The Virginia General Assembly is going home this week, leaving in its wake a trail of broken promises small and large.
The small commitments that were ground up in this desultory, 46-day session are not as consequential as the big ones, such as the assembly's decision to walk away -- once again -- from its responsibility to put state finances on a steady, long-term footing.
But, taken together, the everyday double-dealing that goes on around the state Capitol signals a culture change in Richmond. Handshake agreements don't count for much anymore. Casual lies are commonplace, and cynical skepticism greets every political pledge.
Gov. Mark R. Warner (D) knows all too well the price of partisan deceit. Warner had -- or at least thought he had -- firm commitments from Republican lawmakers on important bills he cared about, including legislation for two-term governorships and a mandatory seat-belt bill that even opponents acknowledged would save lives on Virginia highways.
In both cases, Republican legislators refused to honor the pledges they had made in private and public to pass the bill. The legislature was so closely divided that it took only a handful of votes to flip to kill the bills backed by Warner. In the House of Delegates, seats belts and the two-term measure failed by one and two votes, respectively.
Warner has taken his lumps for being slow to learn the ins and outs of the legislative process, but it's not for lack of trying that his straight talk and honest dealing have gone unrewarded and sometimes even punished.
A few Republicans, emboldened now that Warner ally S. Vance Wilkins Jr. (R) is no longer House speaker, looked the governor in the eye and pledged their support, only to vote the other way after being strong-armed by Republican leaders.
At a news conference in his Capitol conference room, Warner confirmed that "not in every instance" did Republicans keep their word to him about how they would vote on his high-profile bills. But the battered chief executive also tried to sound philosophical about playing a legislative game whose rules are made to be broken.
"In the private sector, if . . . you do a deal with [somebody], and then they renege, chances are you don't do business with them in the future," said Warner, who amassed a huge fortune in the Northern Virginia technology boom. "In the public sector, you don't have that option."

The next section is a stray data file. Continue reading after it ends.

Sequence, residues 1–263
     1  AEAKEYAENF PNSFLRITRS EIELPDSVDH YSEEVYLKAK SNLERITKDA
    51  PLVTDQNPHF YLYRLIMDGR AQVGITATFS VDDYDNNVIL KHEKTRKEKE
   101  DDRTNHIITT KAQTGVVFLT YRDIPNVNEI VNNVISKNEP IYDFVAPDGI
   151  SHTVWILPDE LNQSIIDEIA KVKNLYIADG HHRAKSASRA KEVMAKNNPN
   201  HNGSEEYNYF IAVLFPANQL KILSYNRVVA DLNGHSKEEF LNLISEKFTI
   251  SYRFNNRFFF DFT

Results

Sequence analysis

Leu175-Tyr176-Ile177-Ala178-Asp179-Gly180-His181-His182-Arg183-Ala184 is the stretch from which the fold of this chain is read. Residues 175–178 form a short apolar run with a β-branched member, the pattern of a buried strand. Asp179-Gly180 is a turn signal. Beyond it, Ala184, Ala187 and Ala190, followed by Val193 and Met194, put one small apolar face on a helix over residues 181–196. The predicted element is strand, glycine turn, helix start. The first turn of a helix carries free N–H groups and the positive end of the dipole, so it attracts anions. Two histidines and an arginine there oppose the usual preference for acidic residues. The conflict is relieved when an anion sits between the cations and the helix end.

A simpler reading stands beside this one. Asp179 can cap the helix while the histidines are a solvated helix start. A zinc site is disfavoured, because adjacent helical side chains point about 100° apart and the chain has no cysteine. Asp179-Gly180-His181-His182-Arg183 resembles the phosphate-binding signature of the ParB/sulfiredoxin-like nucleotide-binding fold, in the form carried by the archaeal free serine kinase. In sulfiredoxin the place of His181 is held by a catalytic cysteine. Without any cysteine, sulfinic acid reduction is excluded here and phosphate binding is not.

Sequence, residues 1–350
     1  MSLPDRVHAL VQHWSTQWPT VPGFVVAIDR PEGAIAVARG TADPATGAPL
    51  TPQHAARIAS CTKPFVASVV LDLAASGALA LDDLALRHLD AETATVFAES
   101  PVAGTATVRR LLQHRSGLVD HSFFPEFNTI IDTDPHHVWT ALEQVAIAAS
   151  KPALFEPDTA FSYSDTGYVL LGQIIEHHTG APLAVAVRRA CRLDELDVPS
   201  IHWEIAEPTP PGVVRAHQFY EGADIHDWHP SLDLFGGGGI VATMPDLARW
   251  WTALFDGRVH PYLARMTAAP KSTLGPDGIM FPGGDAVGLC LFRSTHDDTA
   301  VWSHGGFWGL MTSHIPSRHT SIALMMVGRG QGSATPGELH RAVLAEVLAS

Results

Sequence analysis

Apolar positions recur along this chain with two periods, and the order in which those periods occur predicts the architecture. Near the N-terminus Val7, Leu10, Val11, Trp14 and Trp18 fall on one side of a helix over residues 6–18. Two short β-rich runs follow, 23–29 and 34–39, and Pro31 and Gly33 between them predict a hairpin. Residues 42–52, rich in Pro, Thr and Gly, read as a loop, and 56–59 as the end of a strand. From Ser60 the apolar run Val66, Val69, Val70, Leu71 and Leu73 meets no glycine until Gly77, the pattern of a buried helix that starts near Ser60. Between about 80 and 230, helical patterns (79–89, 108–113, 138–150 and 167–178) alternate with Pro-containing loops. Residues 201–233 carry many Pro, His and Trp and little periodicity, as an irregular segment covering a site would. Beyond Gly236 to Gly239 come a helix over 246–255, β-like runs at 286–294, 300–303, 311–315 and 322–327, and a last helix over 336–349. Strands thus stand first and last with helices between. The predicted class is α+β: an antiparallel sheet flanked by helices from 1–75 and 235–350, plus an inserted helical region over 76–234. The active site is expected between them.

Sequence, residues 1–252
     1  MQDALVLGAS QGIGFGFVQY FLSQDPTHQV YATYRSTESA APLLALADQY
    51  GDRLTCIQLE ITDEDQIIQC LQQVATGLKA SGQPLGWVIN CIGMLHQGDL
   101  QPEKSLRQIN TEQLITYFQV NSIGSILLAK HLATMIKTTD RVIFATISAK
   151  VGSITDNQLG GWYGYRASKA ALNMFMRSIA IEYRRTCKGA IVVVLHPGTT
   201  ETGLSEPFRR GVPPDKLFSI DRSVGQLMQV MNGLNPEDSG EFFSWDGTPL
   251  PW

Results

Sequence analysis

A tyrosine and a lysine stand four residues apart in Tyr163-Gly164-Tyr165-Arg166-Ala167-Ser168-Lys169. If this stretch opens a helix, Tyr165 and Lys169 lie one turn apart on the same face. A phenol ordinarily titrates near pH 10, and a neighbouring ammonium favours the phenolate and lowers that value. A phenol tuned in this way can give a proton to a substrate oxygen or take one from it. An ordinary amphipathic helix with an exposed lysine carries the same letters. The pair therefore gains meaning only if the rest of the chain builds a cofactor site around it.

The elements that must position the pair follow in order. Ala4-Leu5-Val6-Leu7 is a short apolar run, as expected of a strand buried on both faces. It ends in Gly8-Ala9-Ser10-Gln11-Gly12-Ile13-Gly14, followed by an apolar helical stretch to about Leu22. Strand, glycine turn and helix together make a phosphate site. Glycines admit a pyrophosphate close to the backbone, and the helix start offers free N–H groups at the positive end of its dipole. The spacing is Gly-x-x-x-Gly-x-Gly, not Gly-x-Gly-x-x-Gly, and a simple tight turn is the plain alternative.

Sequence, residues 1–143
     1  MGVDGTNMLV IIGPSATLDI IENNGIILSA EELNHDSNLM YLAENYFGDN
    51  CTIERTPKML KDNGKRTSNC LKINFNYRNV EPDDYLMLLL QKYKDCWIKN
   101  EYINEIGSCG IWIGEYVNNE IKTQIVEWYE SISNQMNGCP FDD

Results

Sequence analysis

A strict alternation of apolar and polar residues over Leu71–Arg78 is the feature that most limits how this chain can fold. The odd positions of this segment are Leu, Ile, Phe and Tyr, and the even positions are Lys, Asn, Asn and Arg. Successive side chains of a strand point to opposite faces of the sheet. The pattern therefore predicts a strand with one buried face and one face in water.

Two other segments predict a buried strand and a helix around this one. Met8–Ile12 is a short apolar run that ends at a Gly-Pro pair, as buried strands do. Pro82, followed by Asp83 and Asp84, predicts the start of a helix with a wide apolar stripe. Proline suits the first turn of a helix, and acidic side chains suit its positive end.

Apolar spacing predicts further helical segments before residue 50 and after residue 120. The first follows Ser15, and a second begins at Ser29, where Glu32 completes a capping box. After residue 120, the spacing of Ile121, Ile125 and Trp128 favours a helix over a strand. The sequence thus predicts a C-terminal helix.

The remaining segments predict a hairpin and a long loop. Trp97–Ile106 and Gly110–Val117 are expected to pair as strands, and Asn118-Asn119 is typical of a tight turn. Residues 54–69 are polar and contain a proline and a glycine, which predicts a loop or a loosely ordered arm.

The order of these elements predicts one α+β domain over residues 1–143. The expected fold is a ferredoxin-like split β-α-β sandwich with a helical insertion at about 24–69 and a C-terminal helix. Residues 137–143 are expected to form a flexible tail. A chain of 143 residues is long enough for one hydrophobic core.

Deception and double-cross are part of the texture of a legislature; in fact, they enliven the place. Lawmakers can also be very capricious people, changing their minds if they get a flood of telephone calls from constituents back home -- or if a colleague higher up the food chain convinces them that a flip-flop is in their best interest.
Del. Charles W. Carrico (R-Grayson) had been adamantly in favor of the mandatory seat belt bill, riveting an audience in committee with stories from his days as a state police trooper, when a seat belt saved his life and not wearing one led to many highway fatalities he investigated.
But Carrico, a freshman member of the Republican caucus, ended up voting no after several constituent calls changed his mind, he said. "It was the hardest thing I ever had to do," Carrico said.
A change of heart is not the same as a disingenuous half-truth, which degrades the credibility of institutions such as the Virginia General Assembly.
For example, last week, Democratic Caucus Chairman Brian J. Moran of Alexandria rose on the House floor to respond to an attack by the House Republican leader, who characterized a vote that Moran had made against a budget item as one that directly helped "repeat sex offenders who we know will molest again and again."
Moran, a former prosecutor, said he was merely voting against a state expenditure not coddling violent criminals.
"This personal attack came during a time when I can look my accuser in the face and express my disappointment," Moran said. "Disappointment that he has debased the level of political discourse and debate. Disappointment of actions that are beneath what is expected of leadership. What we have seen is a level of distortions and outrageous accusations that is not deserving of this House."
It would be easy to dismiss the attack on Moran or Warner's sorry experience this session as the natural byproduct of partisanship, but it's a lot more complicated than that. The 21st-century Virginia politician -- from lowly county supervisor to exalted statewide nominee -- now runs a permanent campaign that is short on big ideas and long on political expediency.
Small wonder, then, that every promise in Richmond also carries an asterisk, an escape clause that permits the promiser to renege if voters back home complain or pressure is applied.
It's bad enough that the state budget the legislature will pass this week is barely held together with baling wire and sealing wax; lawmakers and Warner will have bought themselves a little time to fulfill their big promise to taxpayers and finally get the budget right.
But if they can't follow through on the tiny promises that are supposed to keep government going, what hope is there that state leaders will keep up their end of the bargain on the truly monumental ones?